My high school homeroom teacher will never know I associate her with skinned cats.
Mrs. Roman was one of our biology teachers. She was best known for her friendly, calm demeanor; relative youth (only 10 years older than us); and her big physiology project, which was to dissect a cat.
That meant at least two days every year I'd walk into homeroom and get hit with the stench of formaldehyde -- my cue to keep my eyes facing front to avoid seeing the former felines spread out across the lab tables.
Mrs. Roman will never know I associate her with skinned cats because I no longer have the opportunity to tell her. In a tragic example of life's injustice, she succumbed last week to cancer. Only 35, she leaves behind a husband, three young children, and a grieving community.
Unlike with the cats in her classroom, I cannot avoid acknowledging Mrs. Roman's death. I cannot look away or hold my breath. Instead, I grieve for our shared past, years neither of us will see again. I grieve for her children, who will lose her anew at each milestone in their lives. And I grieve for the opportunities we all miss to celebrate life as we're living it.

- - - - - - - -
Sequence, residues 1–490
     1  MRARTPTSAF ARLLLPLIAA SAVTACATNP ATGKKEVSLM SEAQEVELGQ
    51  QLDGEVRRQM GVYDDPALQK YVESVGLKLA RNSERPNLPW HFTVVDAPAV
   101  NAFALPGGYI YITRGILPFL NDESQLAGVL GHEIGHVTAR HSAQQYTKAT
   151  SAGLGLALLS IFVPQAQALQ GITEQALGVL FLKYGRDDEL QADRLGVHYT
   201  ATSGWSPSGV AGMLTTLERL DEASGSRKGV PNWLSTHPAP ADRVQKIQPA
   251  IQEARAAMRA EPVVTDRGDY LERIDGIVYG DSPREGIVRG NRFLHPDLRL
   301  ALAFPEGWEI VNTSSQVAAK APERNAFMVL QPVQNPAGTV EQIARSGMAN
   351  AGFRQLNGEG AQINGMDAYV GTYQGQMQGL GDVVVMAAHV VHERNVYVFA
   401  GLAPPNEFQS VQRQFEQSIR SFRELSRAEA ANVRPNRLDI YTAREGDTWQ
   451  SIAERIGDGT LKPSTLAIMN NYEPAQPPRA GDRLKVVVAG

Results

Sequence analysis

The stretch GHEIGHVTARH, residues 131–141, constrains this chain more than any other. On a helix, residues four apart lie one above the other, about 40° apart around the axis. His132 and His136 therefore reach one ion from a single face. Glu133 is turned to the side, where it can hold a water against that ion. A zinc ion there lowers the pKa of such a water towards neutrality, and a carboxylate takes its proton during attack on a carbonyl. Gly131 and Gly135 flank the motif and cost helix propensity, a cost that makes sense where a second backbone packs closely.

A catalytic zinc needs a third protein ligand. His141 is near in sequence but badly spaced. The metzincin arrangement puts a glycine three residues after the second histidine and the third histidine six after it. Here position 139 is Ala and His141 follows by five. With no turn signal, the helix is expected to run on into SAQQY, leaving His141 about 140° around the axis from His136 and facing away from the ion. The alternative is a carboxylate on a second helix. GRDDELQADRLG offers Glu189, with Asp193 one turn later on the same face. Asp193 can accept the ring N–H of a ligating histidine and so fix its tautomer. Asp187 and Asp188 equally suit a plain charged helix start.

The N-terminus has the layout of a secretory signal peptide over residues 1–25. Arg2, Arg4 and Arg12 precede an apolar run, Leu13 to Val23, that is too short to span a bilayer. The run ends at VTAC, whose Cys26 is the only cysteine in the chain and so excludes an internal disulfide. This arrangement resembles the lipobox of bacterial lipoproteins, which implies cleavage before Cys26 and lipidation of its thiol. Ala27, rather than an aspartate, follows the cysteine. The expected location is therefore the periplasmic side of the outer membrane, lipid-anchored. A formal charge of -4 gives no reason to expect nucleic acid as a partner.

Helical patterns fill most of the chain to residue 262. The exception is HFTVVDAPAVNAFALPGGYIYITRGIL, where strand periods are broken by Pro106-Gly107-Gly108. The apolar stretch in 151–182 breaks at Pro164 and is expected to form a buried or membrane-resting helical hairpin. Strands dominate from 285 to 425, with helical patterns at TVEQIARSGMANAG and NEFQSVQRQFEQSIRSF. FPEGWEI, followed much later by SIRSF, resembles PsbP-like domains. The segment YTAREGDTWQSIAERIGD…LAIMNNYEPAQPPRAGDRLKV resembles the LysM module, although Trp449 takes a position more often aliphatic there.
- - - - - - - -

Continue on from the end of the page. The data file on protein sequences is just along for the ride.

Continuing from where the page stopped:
* * *
When someone dies, do our memories revise? Do we look back and let the person slowly fade, so we can keep the loss and sorrow at arm's length? Or do we keep them in vibrant Technicolor, so that we remember the moments we did right, and can repeat them with others?
None of us can read minds or crystal balls. Yet with death, we all read the writing on the wall, even if the exact details are unknown. May we write toward that ending the best we can, and relish the story as we go.
Prayer #59: Carpe Vitam
To the God who exists outside of Time --
In the fullness of Your grace, help us forget the steady march of days, and instead live in the sacred, eternal now.
You are the promise that our lives will change -- not end -- with death. May our choices and actions help You keep that vow.